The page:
schools would be prepared for and have access to careers in the construction industry.40

The building and construction trade unions, represented on the Mayor’s Commission, agreed to
commit 40 percent of apprentice slots for specific demographic groups.41 In 2009, the City, the
Building and Construction Trades Council (BCTC) and the Building Trades Employers’ Association
(BTEA) entered into a Memorandum of Understanding (MOU) that increased the commitment
from 40 percent to 45 percent. Up to 10 percent of apprentice slots were for graduates of
public high schools who also graduated the Construction Skills program, 10 percent for
veterans, 10 percent for women, 10 percent for New York City Housing Authority and Section 8
residents and economically disadvantaged adults who have also graduated from Construction
Skills or Non-traditional Employment for Women, and 5 percent for qualified employees of
certified minority- or women-owned business enterprises and other employers.42

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The New York City Committee on Construction Work Force and Contracting Opportunity was
also created by Mayor Bloomberg to assess the implementation of the MOU. The Committee
meets at least quarterly and publishes an annual report on the status of the work force and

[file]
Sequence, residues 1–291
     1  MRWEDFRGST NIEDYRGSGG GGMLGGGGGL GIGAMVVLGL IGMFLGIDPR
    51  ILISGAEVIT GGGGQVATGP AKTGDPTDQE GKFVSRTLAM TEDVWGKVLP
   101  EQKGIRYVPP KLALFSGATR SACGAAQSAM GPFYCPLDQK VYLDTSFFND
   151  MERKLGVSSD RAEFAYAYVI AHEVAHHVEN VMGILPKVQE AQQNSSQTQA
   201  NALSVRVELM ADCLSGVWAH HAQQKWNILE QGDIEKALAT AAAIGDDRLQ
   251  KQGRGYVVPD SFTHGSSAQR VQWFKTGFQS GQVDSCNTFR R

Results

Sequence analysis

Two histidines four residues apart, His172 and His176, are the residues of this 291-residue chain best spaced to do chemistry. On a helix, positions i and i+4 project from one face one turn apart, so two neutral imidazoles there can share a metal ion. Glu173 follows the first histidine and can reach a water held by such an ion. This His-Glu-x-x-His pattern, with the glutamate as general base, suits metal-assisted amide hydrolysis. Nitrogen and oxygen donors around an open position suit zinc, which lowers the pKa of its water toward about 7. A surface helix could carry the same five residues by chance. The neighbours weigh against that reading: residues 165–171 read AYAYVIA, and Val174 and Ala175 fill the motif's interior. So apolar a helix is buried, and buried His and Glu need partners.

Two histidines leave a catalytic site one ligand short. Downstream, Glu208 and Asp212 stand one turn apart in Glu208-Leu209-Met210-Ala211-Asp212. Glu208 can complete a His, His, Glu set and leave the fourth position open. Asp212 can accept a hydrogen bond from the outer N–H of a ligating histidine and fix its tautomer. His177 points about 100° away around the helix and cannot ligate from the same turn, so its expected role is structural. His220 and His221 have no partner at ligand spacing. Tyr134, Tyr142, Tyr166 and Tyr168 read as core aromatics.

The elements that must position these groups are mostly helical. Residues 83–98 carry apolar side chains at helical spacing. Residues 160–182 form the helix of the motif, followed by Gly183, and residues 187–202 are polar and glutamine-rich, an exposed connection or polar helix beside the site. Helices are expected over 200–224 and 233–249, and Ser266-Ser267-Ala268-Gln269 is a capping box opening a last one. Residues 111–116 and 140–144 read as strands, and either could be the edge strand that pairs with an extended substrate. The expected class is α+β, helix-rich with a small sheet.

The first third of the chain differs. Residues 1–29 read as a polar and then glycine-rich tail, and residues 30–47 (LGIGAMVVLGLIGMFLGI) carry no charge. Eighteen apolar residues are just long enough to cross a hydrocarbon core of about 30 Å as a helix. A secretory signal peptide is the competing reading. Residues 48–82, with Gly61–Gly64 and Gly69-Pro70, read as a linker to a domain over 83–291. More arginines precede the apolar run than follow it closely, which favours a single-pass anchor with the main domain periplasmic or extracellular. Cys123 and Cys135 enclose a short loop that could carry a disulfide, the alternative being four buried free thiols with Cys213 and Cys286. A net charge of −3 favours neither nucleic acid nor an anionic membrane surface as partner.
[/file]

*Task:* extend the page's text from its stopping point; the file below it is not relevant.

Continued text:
contracting opportunity policy.

After the first year of the MOU’s implementation in 2010, 88 percent of 523 new apprentices
were New York City residents, almost doubling the original goal of 45 percent. The number of
women and graduates of public high schools also exceeded the MOU’s targets. Results for
veterans and New York City Housing Authority residents, however, fell short by 7 and 5 percent,
respectively.43

Although the MOU did not set goals for racial and ethnic diversity, the majority, or 69 percent,
of the apprentices who were New York City residents were African Americans, Hispanics,
Asians, and members of other minority groups, according to data collected by the New York
State DOL.44 Amy Peterson, President of Non-traditional Employment for Women, described
the Mayor’s Commission as transformative for her program.45

At the same time, the City and the BCTC entered into a series of Project Labor Agreements
(PLAs) involving $6 billion in city capital and public school capital projects through FY 2014,
where work on these projects would be made available to members of BCTC unions and
contractors. A PLA is a comprehensive contract between building trade unions, the City and